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Anaconda-Deer Lodge County to southwest Montana: Don't dump on us

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Southwest Montana is about to have a serious poop problem.

The fecal furor could put people out of business and leave rural residents holding the, ah, bag.

Because of potential cost overruns of $1.5 million to the ongoing upgrade of Anaconda-Deer Lodge County’s Wastewater Treatment Plant, the county has stopped accepting septic waste from outlying counties, including Butte-Silver Bow.

Since the plant was built in 1985, it has taken rural septic waste for a small fee with virtually no limitations.

But no more, says Bill Everett, ADLC chief executive. 

Everett issued an order July 1 to that effect, and the ADLC commissioners voted unanimously to support Everett’s decision a week later.

Because no other municipality or county in the area accepts unrestricted septic waste, this impacts rural residents in Butte-Silver Bow, Powell, and Granite counties.

Some residents may not yet be aware of the problem. Ashley Holmes, office assistant for Hoffman’s R&M Services and Excavation, a septic operator in Butte, said that so far they’ve been able to handle the problem themselves by storing the excess overnight and their customers haven’t been informed.

Holmes said that Hoffman’s services rural customers in outlying rural parts of BSB county including the Melrose and Divide areas.

But some customers are very much aware and worried. Matt Anderson, shop and truck supervisor for Sun Mountain Logging and Lumber on the edge of Deer Lodge’s city limits, said his company doesn’t know what it will do. Some of Sun Mountain's business is outside city limits, and what's inside the city limits is still on a septic system.

Anderson said that because Sun Mountain’s septic is in a high groundwater area, his company has to get its septage pumped out every other day. He said he's hoping the city of Deer Lodge can find a way to accommodate Sun Mountain's septic waste. 

But Trent Freeman, Deer Lodge's public works superintendent, issued a press release last week to say the city of Deer Lodge can't take septic material from those outside the city limits. 

Freeman said accepting outside septage would be “problematic” for Deer Lodge’s recently upgraded wastewater treatment plant. He said the city of Deer Lodge has to protect its financial investment into its upgraded facility.

Daniel Reddish, Philipsburg mayor, said his tiny town of around 800 “has been approached” about taking rural septage, but Philipsburg’s wastewater treatment facility “is not adequate to take additional material from outside of town.”

Reddish said Philipsburg needs to do its own wastewater treatment plant upgrades.

BSB county does take 3,000 gallons a day from septic “pump and dumpers,” as septic companies are often called, in the summer months only. Some who spoke to The Montana Standard for this story said BSB county doesn’t limit how much it's willing to receive in the winter months. But Bill Andrene, BSB county metro sewer plant supervisor, said the 3,000 gallons a day limit is “going to continue” and won’t just be a summer-long policy.

The Butte-based plant has another limitation. Andrene said BSB metro sewer only accepts domestic septage from homeowners. The Mining City’s municipal waste system won't allow commercial septic material to come in from outside of town.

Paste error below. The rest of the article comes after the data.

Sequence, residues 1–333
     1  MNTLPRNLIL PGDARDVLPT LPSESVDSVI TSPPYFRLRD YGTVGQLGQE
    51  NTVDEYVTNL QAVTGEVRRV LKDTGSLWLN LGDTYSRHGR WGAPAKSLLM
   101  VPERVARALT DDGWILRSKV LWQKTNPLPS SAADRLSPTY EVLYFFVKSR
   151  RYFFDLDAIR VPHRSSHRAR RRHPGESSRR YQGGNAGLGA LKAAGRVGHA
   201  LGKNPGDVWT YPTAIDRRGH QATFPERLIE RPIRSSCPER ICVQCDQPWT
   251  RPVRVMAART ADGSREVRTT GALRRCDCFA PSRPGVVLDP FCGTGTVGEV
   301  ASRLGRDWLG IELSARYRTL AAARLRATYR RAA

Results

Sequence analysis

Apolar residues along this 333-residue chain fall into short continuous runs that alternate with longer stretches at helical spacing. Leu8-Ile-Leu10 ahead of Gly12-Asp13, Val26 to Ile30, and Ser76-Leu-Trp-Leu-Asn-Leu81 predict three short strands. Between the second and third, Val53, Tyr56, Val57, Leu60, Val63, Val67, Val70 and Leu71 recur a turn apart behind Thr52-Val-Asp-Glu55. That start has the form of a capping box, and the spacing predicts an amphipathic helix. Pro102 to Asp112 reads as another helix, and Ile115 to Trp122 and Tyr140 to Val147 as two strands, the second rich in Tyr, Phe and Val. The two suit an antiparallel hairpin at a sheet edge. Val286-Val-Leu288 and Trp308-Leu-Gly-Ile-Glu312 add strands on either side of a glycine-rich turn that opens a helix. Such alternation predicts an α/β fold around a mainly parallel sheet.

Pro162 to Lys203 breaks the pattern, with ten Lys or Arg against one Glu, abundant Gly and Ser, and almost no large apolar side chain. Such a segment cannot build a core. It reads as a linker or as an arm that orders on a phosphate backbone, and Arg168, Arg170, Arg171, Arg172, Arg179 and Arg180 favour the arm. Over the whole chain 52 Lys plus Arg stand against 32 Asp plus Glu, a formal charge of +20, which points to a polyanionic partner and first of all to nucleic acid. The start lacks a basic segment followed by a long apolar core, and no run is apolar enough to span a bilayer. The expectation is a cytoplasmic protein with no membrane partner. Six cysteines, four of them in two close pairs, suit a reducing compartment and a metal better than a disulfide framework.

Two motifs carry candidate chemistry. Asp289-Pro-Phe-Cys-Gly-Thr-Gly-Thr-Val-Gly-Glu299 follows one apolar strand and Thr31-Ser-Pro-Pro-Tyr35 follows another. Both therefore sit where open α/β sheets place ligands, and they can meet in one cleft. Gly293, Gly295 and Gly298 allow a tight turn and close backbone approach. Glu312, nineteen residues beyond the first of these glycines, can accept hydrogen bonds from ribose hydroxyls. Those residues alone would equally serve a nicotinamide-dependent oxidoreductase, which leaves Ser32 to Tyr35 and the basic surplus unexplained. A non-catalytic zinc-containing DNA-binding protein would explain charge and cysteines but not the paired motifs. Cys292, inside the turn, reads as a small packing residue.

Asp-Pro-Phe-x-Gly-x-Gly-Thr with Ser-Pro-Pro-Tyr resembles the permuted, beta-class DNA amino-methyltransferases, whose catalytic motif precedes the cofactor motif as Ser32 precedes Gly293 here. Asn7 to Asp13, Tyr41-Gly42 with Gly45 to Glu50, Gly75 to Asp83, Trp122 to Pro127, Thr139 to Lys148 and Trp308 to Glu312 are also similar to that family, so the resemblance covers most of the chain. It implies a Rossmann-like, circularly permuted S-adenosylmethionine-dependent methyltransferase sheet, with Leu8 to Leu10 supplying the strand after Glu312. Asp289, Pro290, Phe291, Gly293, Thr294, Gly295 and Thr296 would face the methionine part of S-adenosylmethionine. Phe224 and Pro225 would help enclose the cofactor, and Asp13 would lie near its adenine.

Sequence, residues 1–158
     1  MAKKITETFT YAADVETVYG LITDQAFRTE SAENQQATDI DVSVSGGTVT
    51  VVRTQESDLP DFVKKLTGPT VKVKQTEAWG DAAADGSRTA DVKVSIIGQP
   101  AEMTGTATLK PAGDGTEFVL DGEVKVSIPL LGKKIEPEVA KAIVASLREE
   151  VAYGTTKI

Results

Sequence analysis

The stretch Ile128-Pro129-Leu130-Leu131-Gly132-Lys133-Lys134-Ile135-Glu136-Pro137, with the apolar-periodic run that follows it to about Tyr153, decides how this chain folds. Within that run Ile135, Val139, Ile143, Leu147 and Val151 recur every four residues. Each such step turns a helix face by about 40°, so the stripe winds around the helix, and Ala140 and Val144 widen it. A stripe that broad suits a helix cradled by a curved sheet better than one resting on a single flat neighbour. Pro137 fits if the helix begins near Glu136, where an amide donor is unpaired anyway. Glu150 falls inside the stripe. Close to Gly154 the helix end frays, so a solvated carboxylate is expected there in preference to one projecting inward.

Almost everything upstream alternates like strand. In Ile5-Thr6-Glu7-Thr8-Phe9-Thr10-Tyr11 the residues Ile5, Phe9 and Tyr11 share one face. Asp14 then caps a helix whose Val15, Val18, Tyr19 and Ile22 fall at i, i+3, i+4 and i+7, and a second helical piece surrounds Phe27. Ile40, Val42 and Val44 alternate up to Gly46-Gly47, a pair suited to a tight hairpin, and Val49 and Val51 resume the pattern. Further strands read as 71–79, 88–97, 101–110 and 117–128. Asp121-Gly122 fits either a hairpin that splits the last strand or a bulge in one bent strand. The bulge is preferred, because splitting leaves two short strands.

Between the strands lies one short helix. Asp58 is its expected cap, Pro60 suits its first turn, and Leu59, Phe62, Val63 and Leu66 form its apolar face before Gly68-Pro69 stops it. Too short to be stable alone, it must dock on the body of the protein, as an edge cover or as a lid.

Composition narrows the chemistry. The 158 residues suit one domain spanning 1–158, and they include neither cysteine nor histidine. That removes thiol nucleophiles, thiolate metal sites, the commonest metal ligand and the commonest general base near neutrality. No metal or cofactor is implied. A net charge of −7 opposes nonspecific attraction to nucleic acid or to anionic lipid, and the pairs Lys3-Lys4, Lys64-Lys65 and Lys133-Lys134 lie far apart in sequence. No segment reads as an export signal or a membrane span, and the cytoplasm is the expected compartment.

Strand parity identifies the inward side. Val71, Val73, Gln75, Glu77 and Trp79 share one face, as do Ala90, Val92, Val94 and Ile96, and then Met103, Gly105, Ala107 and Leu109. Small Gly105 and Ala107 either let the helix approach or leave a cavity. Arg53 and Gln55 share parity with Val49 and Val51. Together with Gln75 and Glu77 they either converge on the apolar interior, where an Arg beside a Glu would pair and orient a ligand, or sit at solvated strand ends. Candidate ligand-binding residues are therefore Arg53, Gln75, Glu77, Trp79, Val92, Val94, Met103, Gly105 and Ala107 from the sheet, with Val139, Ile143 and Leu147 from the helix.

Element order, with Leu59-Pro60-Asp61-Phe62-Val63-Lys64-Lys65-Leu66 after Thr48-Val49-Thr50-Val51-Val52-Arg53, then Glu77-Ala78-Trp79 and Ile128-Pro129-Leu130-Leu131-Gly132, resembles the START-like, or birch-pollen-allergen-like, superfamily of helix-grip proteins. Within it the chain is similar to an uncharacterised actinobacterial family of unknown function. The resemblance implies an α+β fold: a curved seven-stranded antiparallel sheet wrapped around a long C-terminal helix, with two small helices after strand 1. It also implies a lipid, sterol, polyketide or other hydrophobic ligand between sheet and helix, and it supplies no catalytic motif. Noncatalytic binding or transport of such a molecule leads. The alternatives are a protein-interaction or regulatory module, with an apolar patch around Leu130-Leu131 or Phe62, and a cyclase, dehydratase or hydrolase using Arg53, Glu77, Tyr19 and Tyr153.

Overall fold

What's a rural resident or business to do?

The only reason the current situation hasn’t turned into a crisis for Sun Mountain Logging and Lumber is because local farmers are busy irrigating the land, Anderson said. That has kept the groundwater table low.

But that irrigation schedule is ending now, he said.

The problem isn’t going away any time soon. Everett said the moratorium on accepting septic waste from outlying counties will be for two years, and ADLC is looking at raising rates, possibly as much as $100 per load. That rate increase will include ADLC rural residents.

DeDe Morse, who co-owns RD Septic Pumping in Anaconda with her husband Rick, says they had 32 loads last month. If the rates increase to $100 a load, that could equal $3,200 a month per dumping company for the county.

“That’s a lot of money,” she said. 

ADLC has taken septic waste from rural residents and rural businesses in outlying counties and charged a minimal fee for it for years, says Everett. At $26.50 per dump fee for rural users, that's not fair to Anaconda residents who are now paying $315 a year for sewer, say various county officials. Ed Janney, a Dowl engineer working with ADLC on its wastewater treatment plant issues, said the $26.50 dump fee was established when Anaconda city dwellers paid $5 a month for sewer.

Andrene would not comment on how much BSB county charges for outside septic waste.

Morse says she is worried she and her husband will go out of business because of Anaconda’s waste moratorium and potential fee increase.

“We’re in a pickle,” Morse said. “We can’t service our customers.”

She said that since the moratorium began, she and her husband have had to turn away a man with a sick wife and homeowners at Georgetown Lake. 

“We’ve lost business over it,” Morse said. “It’s cut our business in half.”

Glen Wyant, owner of GW Septic Pumping, also out of Anaconda, said that with 75% of his customers living outside of ADLC, he also fears for the future of his company.

“It’s tremendously affecting my business,” he said.

Wyant was working last week on an application to the Department of Environmental Quality to spread rural septic waste on a landowner’s property.

DEQ permits what is called “land application” of septic waste. Karen Ogden, DEQ spokesperson, said that the DEQ permitting process for that can take anywhere from two months to a year. DEQ has to do an environmental assessment before a permit can be issued.